Sunday, October 11, 2009

Umping The Foul Lines

The Division Series round isn't even over yet and this post-season already has been a breeding ground for debate over umpiring. With the blown calls in Game 1 of the Angels-Red Sox series, TBS' introduction of PitchTRAX, and Phil Cuzzi's incorrect call on Joe Mauer's flyball in the eleventh inning Friday night, there's been no shortage of fuel for that fire.

No one wants to get jobbed by a bad call. But for better or worse they are part of the game. While the Yanks got shorted on one or two earlier this season, they've been fortunate to be on the good end of some bad calls in the post-season over the past 13 years. Friday night marks at least the third time that one of those calls involved an outfield umpire - the Jeffrey Maier homerun in ALCS Game 1 in 1996 and Jermaine Dye getting picked off by the right field ump in Atlanta during the 1996 World Series come to mind.

In Joel Sherman's Birth of Dynasty, chronicling the '96 team, former umpire Richie Garcia gave a lengthy explanation as to what happened during the Maier home run. Much of the explanation centered around the fact that umpires spend the entire six month season working the plate and the bases, and as such are unaccustomed to the rather unique task of working the foul lines in the post-season. In his post-game press conference Friday night, crew chief Tim Tschida gave a similar explanation as it related to Cuzzi's blown call. I think it's also possible that Melky Cabrera charging into Cuzzi's field of view may have had an impact on the mistake.

Neither Garcia nor Tschida used the unfamiliarity with the task as an excuse, but rather as an explanation as to how it could happen. I don't know if it's just correlation and not causation, but it does seem that umping the foul lines, which should be a rather anonymous task, too often becomes an ignominious task. That it happens when the games mean the most is very unfortunate, because I do think that the MLB umpires generally due a very good, if thankless, job.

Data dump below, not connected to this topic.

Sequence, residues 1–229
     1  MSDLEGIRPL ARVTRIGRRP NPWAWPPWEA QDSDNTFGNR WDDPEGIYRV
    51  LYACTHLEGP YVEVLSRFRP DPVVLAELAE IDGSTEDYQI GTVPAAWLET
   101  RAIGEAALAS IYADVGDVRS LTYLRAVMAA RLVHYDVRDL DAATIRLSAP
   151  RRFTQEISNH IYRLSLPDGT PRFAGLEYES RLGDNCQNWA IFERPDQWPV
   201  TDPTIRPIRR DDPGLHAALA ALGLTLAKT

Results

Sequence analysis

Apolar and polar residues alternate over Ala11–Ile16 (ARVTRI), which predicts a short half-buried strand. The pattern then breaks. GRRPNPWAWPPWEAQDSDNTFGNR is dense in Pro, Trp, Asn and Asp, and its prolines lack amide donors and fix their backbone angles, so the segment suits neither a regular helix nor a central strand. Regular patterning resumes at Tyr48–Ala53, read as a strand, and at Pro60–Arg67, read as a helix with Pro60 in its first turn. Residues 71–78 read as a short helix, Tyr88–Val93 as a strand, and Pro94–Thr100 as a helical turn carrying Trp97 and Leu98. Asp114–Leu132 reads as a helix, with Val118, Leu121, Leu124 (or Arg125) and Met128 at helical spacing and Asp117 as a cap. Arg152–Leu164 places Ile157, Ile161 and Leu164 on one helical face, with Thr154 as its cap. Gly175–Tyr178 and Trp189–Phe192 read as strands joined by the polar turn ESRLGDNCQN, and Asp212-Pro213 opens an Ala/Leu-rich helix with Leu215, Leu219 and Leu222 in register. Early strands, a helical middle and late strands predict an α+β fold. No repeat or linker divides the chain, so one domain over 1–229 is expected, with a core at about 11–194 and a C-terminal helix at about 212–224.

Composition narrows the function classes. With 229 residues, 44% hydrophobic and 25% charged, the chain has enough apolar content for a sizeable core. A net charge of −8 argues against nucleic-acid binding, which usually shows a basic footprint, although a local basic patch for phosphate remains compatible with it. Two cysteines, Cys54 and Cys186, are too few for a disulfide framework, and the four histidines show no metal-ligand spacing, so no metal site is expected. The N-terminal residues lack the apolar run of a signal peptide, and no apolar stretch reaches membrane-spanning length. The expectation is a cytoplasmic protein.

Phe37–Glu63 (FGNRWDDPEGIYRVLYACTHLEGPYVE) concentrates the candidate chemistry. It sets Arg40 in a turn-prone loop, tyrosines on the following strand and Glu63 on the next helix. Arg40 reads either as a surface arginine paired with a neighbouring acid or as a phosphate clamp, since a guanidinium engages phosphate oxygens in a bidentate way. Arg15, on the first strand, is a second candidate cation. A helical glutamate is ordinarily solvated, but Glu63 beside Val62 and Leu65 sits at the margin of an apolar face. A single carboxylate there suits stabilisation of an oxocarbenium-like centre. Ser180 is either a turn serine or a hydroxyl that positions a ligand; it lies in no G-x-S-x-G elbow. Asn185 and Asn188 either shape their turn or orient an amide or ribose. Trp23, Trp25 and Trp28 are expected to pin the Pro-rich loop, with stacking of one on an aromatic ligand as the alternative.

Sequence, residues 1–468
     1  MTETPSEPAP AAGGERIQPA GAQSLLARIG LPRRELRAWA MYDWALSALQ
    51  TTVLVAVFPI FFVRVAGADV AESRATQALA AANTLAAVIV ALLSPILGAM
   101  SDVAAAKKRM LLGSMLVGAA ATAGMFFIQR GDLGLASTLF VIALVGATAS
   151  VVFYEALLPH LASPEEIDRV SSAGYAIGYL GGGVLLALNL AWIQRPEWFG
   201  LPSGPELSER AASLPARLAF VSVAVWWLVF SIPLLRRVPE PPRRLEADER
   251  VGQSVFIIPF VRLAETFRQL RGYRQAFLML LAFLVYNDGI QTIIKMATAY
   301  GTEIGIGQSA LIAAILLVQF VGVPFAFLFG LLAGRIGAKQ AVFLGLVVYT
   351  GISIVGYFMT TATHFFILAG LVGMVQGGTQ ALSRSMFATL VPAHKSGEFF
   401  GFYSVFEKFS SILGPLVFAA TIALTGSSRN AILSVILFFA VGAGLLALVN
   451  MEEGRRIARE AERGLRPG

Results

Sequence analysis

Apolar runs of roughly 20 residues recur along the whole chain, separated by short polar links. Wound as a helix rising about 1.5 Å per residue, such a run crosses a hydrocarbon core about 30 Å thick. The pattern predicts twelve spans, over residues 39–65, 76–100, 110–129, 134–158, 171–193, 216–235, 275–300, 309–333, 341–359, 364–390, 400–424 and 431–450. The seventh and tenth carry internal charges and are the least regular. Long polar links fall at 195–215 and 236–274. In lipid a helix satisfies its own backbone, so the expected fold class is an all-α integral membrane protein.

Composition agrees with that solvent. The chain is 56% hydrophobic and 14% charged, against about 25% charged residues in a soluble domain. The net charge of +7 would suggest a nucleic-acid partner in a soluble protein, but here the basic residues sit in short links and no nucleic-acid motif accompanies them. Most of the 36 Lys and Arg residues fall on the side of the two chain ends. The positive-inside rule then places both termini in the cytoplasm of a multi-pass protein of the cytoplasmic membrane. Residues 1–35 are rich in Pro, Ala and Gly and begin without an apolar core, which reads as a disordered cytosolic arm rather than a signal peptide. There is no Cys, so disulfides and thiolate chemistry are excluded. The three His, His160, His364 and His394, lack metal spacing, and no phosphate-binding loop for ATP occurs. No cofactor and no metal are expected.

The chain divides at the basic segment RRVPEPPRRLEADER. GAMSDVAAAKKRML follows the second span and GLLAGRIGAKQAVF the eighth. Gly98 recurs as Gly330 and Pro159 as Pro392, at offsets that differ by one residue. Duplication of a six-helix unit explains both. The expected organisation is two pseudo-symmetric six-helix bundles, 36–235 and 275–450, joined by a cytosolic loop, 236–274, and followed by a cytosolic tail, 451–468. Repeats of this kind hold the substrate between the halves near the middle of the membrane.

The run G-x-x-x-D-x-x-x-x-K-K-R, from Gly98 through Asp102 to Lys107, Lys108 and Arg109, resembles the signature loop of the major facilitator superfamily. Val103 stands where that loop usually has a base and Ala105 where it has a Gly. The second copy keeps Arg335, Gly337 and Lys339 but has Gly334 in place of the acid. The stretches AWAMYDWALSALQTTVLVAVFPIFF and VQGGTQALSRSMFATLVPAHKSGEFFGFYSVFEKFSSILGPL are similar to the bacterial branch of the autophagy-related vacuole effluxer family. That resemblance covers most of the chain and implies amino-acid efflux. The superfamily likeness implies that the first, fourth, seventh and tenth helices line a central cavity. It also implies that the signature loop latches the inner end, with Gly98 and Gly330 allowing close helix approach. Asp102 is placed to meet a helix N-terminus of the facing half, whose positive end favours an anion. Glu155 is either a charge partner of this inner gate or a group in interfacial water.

I don't expect the Twins to be happy about Friday's call, nor should they be. They likely would have benefited from a lead-off double more than they did from Mauer's eventual single. But before anyone jumps to the conclusion that Mauer assuredly would have scored had he been rightly awarded the double, let me remind you of the "fallacy of the predetermined outcome" that local phallus-head Michael Kay so often likes to mention.

Mauer not getting the double does not change the fact that the Twins left 17 runners on base over the course of the game, nor does it change that they could easily have had an extra run in the fourth had Carlos Gomez either not stumbled or managed to get in a rundown after he did, nor does it change that they failed to score in a bases loaded, no out jam in that eleventh inning.

And as Ron Gardenhire rightly pointed out after the game, the Twins were the beneficiaries of an incorrect call in Tuesday's play-in game, as Brandon Inge was (technically) hit by a pitch with the bases loaded in the twelfth and final inning. Instead of forcing in the go-ahead run for the Tigers, Inge bounced into a force play, and the Twins, just as the Yankees did Friday, won it in the bottom of the inning.

Of course, I completely reserve the right to change my tune should the Yankees get hosed at any point this post-season...

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